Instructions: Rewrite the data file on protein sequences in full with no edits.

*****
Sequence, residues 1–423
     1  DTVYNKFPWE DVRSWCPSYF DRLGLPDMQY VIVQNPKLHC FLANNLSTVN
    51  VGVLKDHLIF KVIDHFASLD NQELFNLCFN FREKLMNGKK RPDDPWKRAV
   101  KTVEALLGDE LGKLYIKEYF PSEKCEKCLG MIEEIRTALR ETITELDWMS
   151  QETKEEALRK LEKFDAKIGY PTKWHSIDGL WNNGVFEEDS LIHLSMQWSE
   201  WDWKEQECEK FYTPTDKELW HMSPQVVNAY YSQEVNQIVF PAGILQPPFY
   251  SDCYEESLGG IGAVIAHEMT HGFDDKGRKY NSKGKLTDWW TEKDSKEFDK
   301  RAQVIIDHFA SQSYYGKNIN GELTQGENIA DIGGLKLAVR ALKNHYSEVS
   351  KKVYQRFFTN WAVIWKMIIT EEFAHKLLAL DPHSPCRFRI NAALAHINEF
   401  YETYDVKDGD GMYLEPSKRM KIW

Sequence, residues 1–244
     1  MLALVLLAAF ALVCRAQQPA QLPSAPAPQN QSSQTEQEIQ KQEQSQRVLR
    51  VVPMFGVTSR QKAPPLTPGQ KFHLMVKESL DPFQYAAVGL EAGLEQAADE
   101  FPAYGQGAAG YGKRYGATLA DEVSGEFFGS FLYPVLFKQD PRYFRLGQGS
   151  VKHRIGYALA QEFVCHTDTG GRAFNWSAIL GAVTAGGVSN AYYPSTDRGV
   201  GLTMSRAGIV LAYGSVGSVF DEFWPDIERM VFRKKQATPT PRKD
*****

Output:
Sequence, residues 1–423
     1  DTVYNKFPWE DVRSWCPSYF DRLGLPDMQY VIVQNPKLHC FLANNLSTVN
    51  VGVLKDHLIF KVIDHFASLD NQELFNLCFN FREKLMNGKK RPDDPWKRAV
   101  KTVEALLGDE LGKLYIKEYF PSEKCEKCLG MIEEIRTALR ETITELDWMS
   151  QETKEEALRK LEKFDAKIGY PTKWHSIDGL WNNGVFEEDS LIHLSMQWSE
   201  WDWKEQECEK FYTPTDKELW HMSPQVVNAY YSQEVNQIVF PAGILQPPFY
   251  SDCYEESLGG IGAVIAHEMT HGFDDKGRKY NSKGKLTDWW TEKDSKEFDK
   301  RAQVIIDHFA SQSYYGKNIN GELTQGENIA DIGGLKLAVR ALKNHYSEVS
   351  KKVYQRFFTN WAVIWKMIIT EEFAHKLLAL DPHSPCRFRI NAALAHINEF
   401  YETYDVKDGD GMYLEPSKRM KIW

Sequence, residues 1–244
     1  MLALVLLAAF ALVCRAQQPA QLPSAPAPQN QSSQTEQEIQ KQEQSQRVLR
    51  VVPMFGVTSR QKAPPLTPGQ KFHLMVKESL DPFQYAAVGL EAGLEQAADE
   101  FPAYGQGAAG YGKRYGATLA DEVSGEFFGS FLYPVLFKQD PRYFRLGQGS
   151  VKHRIGYALA QEFVCHTDTG GRAFNWSAIL GAVTAGGVSN AYYPSTDRGV
   201  GLTMSRAGIV LAYGSVGSVF DEFWPDIERM VFRKKQATPT PRKD